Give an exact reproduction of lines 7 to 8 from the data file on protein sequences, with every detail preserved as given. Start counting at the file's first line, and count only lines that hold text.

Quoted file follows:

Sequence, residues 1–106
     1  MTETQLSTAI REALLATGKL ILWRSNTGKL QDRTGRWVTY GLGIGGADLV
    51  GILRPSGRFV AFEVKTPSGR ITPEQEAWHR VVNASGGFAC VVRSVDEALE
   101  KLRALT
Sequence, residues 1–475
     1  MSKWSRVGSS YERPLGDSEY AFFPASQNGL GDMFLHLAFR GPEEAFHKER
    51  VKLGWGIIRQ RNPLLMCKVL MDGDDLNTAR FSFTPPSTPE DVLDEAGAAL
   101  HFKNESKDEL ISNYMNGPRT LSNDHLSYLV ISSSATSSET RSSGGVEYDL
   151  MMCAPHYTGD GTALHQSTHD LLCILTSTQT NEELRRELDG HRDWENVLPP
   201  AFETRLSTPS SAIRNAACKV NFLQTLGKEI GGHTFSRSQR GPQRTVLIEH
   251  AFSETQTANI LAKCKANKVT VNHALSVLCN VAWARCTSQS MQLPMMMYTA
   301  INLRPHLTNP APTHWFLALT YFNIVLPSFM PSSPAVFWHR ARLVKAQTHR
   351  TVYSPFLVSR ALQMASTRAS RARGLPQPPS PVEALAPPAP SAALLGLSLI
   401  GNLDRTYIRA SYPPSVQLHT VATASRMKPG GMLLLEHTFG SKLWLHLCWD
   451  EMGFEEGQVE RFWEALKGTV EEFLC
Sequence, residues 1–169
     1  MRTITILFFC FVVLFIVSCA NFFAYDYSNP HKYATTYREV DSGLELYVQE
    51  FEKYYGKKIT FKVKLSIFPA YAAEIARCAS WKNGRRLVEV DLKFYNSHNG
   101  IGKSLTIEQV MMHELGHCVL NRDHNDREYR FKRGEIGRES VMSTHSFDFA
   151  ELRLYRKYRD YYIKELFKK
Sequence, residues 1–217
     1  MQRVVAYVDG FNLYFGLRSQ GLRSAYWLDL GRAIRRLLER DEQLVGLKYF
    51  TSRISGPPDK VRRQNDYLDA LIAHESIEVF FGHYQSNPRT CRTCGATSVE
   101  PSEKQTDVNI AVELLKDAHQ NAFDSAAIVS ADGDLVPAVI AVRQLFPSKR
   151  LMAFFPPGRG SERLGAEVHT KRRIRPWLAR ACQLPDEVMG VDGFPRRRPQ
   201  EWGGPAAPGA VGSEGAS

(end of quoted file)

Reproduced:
    51  VKLGWGIIRQ RNPLLMCKVL MDGDDLNTAR FSFTPPSTPE DVLDEAGAAL
   101  HFKNESKDEL ISNYMNGPRT LSNDHLSYLV ISSSATSSET RSSGGVEYDL